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THE TWO TOWERS OF BOLOGNA: ASINELLI AND GARISENDA
Bologna City | Attraction | History
What The Eiffel Tower is to Paris, the Two Towers are to Bologna: the symbol of the city, built between 1109 and 1119, they make an odd couple.
The taller of them, the 97.2 meter high (318 feet) Asinelli, is stately and composed, rising from an imposing base, machicolated at the waist, and crenellated at the crown.
The 48 meter high (157 feet) Garisenda, in comparison, is oddly modern, a stark rectangle with an unadorned façade and buzz-cut top, the result of some 12 meters (39 feet) having been lopped off in the 14th century to alleviate the tower’s sinking. Although both towers lean, Garisenda tilts much more, as though it had grown tipsy over the centuries.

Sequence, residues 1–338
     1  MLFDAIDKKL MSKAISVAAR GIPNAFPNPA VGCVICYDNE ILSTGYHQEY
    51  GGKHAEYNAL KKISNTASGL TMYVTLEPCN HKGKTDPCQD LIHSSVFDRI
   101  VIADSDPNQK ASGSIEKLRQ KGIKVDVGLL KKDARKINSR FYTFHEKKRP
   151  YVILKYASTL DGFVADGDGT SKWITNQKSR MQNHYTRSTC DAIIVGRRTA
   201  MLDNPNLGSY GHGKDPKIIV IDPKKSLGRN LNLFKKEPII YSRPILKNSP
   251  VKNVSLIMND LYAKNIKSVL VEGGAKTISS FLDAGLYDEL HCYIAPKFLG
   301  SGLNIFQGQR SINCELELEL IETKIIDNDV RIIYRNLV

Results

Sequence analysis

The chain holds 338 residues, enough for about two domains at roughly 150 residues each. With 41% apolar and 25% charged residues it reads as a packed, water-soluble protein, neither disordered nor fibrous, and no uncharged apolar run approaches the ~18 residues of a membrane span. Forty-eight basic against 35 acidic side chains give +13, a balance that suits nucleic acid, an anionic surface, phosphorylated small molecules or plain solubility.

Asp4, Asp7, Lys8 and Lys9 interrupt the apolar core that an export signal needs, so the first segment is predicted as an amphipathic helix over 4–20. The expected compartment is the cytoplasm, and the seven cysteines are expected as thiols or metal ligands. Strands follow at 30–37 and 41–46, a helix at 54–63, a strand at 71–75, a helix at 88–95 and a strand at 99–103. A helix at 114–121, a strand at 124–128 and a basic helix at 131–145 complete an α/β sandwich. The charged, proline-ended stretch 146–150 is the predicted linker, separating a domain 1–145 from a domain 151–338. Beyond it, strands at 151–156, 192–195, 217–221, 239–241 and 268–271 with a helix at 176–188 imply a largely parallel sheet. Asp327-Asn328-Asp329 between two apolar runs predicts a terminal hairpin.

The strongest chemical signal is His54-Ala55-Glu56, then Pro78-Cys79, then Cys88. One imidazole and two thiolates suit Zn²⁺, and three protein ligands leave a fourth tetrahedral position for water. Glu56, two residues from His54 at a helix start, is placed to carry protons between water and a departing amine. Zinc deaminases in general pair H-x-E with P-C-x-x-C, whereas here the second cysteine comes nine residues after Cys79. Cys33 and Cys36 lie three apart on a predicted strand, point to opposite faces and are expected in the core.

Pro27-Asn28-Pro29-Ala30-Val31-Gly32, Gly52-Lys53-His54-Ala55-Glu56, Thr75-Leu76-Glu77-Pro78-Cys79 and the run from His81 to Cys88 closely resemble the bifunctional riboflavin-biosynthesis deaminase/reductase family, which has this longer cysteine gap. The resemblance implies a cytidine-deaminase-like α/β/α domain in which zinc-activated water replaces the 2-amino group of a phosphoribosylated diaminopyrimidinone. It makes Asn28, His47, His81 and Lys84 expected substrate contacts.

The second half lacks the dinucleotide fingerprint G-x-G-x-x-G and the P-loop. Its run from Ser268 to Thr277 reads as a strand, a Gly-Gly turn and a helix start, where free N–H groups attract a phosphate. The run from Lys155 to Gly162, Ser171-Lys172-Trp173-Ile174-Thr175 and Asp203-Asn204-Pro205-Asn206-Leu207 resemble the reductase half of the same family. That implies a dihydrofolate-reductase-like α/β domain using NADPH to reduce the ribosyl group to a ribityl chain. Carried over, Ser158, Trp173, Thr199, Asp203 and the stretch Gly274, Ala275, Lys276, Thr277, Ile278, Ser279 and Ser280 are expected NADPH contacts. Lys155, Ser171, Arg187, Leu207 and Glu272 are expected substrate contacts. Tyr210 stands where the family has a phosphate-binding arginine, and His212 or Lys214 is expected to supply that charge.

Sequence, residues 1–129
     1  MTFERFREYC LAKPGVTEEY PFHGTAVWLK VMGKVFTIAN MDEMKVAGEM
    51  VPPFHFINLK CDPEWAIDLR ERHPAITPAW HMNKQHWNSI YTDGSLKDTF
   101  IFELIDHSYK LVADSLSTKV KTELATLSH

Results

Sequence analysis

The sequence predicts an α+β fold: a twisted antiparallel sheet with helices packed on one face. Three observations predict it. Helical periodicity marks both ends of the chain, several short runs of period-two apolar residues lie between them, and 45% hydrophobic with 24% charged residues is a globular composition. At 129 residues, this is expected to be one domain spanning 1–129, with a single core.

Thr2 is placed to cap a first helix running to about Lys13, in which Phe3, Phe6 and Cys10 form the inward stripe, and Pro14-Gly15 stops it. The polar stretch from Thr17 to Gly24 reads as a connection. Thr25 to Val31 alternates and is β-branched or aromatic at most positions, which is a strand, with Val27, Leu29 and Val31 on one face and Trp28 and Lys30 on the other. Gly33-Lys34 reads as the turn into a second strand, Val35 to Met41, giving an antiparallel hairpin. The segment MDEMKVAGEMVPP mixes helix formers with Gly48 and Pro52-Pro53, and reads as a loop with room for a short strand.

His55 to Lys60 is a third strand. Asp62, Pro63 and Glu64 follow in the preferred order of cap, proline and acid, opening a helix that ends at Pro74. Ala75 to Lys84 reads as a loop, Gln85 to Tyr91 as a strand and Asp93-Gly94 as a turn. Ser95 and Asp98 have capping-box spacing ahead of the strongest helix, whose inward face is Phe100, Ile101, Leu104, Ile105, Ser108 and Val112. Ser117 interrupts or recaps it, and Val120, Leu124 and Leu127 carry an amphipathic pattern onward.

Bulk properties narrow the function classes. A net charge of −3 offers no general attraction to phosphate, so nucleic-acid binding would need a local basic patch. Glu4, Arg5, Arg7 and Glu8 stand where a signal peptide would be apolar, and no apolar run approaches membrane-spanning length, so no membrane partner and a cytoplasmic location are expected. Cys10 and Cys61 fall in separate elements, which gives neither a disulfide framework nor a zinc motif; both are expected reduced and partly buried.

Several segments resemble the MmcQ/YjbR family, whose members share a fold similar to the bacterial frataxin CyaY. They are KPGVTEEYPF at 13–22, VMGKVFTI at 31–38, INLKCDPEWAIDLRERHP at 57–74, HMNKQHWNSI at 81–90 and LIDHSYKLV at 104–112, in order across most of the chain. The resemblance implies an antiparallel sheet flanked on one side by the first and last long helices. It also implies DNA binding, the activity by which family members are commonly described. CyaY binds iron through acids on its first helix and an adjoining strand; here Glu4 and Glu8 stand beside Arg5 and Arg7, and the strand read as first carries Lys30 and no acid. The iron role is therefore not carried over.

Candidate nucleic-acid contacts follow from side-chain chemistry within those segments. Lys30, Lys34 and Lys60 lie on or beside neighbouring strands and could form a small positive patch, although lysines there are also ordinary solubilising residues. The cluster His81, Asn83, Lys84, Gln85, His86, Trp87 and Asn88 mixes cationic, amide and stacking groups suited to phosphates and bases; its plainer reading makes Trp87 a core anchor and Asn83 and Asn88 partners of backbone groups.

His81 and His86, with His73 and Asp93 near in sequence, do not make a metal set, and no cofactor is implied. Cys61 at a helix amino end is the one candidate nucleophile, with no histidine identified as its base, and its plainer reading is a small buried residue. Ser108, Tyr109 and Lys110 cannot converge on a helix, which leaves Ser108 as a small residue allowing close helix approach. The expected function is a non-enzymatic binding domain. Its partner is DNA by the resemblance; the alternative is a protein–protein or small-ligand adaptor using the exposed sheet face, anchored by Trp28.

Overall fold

In the 12th and 13th centuries Bologna was studded with such towers, having perhaps as many as 100. Wealthy families erected them as a last-resort refuge, historians think, given that the inside is largely taken up with a staircase.
Most of Bologna’s towers fell down, burned down (often set ablaze by lightning), or were torn down. These two, standing at the node of streets that splay outward to Bologna’s old city gates, are among the last men standing.
Article by Gary Walther
Bologna for Connoisseurs - Issue 1
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